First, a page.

Unwrapping The Data Privacy Act   

Unwrapping The Data Privacy Act  

Arguments from different legal bodies and critics are developing due to the value and articulation of data privacy. For some, privacy violations could simply cause annoyances and inconveniences but data privacy matters a lot more than that. As the information technology advances, privacy in one’s personal data is almost impossible to shelter. In some cases, if a party knows a certain expert and has access to good resources, roughly all the information tagged as private can be made available to anybody.

Republic Act 10173, otherwise known as the Data Privacy Act of 2012 aims to minimize if not eliminate the problem to data privacy. This declaration of policy states and acknowledges that even though the free flow of information stimulates innovation and growth, it is vital that personal information in the government’s and private sector’s information and communications systems are secured and protected.

Now, how do we define personal information? It is defined as any information whether recorded in a material form or not, from which the identity of an individual is apparent or can be reasonably and directly ascertained by the entity holding the information. It includes facts and figures about a person’s race, ethnic origin, marital status, age, color and religious, philosophical and political affiliations or practically a person’s life story.

It is important to know some of the most significant sections of the law. First is the procedures to be followed in the collection, processing, and handling of personal information; the rights of data subjects; and the creation of a National Privacy Commission. Second is the law requires information collectors, holders, and processors to follow strict rules on transparency, legitimacy, and proportionality in the conduct of their activities.

Part of this is the collection of personal information should be conducted for specific and legitimate purposes determined and declared before, or as soon as reasonably practicable after collection, and later processed in a way compatible with such declared, specified and legitimate purposes only. Accuracy, relevance, and essentiality of purpose must likewise be observed during the collection stage. It is also essential that inaccurate or incomplete data should be corrected, supplemented, destroyed or their further processing restricted.

Any information can be kept as long as needed for the purpose for which it was obtained or for the establishment, exercise or defense of legal claims, or for legitimate business purposes, or as provided by law. If the law does not prohibit and the person who provided the information or data subject has given his consent then, the collected information can be then processed and used. If no such consent is given, the processing can still go on provided it meets the necessity test.

If the subject’s lack of consent takes place, this should not bar the processing if it is related to the fulfillment of a contract with him or in order to take the steps he requested prior to entering into the contract.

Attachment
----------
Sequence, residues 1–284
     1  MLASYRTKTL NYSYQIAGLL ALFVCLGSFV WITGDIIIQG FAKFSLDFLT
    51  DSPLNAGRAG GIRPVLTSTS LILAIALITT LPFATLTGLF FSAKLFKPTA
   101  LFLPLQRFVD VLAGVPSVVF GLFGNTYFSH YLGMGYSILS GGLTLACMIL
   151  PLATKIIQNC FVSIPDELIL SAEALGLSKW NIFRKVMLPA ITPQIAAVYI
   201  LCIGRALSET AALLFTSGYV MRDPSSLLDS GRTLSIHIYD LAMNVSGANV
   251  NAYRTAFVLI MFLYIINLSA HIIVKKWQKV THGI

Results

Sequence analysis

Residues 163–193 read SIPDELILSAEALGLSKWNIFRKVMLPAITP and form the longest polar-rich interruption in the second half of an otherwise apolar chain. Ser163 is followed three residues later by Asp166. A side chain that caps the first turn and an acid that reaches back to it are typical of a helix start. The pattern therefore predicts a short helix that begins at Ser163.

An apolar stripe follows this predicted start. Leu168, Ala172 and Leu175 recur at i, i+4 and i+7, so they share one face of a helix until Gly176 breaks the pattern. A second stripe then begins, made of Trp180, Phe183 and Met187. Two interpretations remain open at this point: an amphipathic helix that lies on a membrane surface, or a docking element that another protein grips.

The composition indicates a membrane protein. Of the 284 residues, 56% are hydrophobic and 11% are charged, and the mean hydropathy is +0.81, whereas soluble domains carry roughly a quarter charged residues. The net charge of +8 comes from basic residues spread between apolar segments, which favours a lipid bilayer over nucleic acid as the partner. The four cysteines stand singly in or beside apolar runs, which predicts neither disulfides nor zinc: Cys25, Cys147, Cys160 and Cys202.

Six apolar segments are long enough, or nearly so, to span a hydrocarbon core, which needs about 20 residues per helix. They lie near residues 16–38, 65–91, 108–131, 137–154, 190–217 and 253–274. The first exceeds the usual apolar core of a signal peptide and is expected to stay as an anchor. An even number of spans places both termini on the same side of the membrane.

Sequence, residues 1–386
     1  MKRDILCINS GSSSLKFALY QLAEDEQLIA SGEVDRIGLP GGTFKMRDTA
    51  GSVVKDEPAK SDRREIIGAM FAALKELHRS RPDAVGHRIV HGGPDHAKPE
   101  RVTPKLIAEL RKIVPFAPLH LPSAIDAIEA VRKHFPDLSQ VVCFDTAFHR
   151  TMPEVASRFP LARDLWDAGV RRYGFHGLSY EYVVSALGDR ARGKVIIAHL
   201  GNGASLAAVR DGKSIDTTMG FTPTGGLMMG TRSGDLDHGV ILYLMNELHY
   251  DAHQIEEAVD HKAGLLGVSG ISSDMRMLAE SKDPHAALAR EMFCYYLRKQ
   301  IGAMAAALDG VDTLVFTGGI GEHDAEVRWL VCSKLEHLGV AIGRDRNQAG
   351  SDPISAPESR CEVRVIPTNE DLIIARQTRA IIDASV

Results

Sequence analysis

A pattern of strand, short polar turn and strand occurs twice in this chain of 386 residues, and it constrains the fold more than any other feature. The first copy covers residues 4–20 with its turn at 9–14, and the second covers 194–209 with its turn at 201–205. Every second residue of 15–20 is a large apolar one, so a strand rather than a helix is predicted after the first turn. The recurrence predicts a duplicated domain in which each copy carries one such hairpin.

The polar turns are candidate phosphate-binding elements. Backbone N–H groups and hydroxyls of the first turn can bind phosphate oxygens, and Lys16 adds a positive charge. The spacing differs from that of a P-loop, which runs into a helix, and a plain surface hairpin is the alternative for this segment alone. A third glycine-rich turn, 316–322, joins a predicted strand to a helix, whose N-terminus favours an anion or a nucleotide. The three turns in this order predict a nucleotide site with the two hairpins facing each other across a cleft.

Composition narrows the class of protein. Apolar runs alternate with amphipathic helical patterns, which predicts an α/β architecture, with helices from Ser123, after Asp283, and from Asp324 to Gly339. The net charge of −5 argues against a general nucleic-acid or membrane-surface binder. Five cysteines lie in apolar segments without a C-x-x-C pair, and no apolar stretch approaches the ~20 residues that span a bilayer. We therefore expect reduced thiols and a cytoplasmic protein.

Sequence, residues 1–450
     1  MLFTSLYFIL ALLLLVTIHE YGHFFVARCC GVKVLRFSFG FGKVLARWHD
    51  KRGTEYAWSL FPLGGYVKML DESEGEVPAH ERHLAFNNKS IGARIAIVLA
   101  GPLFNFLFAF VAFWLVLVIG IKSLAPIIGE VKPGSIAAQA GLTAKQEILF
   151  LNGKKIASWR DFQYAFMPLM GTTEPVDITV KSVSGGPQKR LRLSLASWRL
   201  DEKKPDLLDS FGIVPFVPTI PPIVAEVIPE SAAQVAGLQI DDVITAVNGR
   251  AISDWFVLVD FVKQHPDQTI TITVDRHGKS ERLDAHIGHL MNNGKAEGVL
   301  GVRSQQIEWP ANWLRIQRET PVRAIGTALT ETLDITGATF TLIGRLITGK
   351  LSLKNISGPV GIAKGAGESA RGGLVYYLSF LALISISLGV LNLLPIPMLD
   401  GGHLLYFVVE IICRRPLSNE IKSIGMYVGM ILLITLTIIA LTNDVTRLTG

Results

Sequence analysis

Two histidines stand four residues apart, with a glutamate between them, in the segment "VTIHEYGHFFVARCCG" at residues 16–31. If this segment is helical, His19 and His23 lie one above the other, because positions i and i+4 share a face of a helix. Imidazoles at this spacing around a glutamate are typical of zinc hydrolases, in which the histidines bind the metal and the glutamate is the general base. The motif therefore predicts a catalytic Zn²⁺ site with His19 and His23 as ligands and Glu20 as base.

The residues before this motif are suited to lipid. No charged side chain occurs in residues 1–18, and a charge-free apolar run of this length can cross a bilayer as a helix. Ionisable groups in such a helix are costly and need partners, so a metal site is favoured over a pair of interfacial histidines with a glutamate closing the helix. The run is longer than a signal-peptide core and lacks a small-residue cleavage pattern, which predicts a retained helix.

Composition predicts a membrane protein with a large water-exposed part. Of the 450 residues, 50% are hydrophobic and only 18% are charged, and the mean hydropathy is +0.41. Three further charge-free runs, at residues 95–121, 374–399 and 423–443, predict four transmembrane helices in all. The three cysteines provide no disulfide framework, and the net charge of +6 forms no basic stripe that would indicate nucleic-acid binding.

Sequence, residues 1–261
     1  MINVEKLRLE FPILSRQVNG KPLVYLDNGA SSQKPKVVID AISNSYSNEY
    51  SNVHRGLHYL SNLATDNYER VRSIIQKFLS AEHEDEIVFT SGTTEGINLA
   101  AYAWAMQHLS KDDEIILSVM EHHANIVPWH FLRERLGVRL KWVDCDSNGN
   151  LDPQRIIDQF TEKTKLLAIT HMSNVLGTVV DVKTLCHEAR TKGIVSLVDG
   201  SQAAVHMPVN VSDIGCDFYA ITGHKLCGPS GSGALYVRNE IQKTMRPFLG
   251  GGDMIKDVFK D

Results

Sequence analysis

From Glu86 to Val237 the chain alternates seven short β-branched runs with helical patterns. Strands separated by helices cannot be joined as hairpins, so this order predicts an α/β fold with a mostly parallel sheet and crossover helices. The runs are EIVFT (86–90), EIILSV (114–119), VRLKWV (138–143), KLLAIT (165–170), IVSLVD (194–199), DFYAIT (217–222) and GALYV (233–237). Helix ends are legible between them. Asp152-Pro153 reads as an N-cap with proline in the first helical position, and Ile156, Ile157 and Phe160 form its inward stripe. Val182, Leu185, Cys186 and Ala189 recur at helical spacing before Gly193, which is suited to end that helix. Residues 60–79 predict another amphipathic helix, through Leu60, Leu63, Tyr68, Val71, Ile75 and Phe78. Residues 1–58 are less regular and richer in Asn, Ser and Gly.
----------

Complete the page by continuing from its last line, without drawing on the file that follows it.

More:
The law can also be applied in the following instances: to comply with a legal obligation that the information collector has to obey; to protect the data subject’s vital interests, such as life and health; to respond to the exigencies of a national emergency or public order and security; and to serve the legitimate interests of the entity to which the information has been disclosed as long as no constitutional rights are violated.

There are cases that processing should be allowed to continue even in the face of the data subject’s opposition due to legal considerations either on the part of the data subject or the party that collects the information or in order to serve the greater interests of the public.

This freedom will be moderated by the rights that the law gives to data subjects to protect their privacy. They have the right to know whether their personal information shall be, are being or have been processed. Before a collector keep the the information in their system or use the data for their recurring opportunity, they can demand information about, among others, the purpose for which it is processed, the scope and methodology of the process, the length of information storage, and the identity of the people to whom their personal information shall be disclosed.

In the situation that the data subject discovers that the information stored in the information system is incomplete, outdated, false, unlawfully obtained, used for unauthorized purposes, or no longer necessary, he can demand its withdrawal, blocking or removal of the subject information.

If the harm caused demise, the subject can sue the party involved for whatever damages he may have sustained as a consequence of the mishandling or misuse of his information. The law indicates nine violations that can give rise to fines and prison terms. In what appears to be a concession to inflationary times, except for two offenses, the average fine imposable is a minimum of P500,000 and a maximum of P2,000,000.

The National Privacy Commission still administers and implements this law which shall consist of three members: a Privacy Commissioner who shall act as its chair and two Deputy Privacy Commissioners. The members shall be appointed by the president with three years of terms and may be reappointed for another term of three years. The appointed members should be experts in information and communications technology and data privacy.

To know more about the data privacy act, you may contact Infocentric Solutions Inc. Our hotline is +63(2) 626 3205 or email marketing@centricitgroup.com.

 

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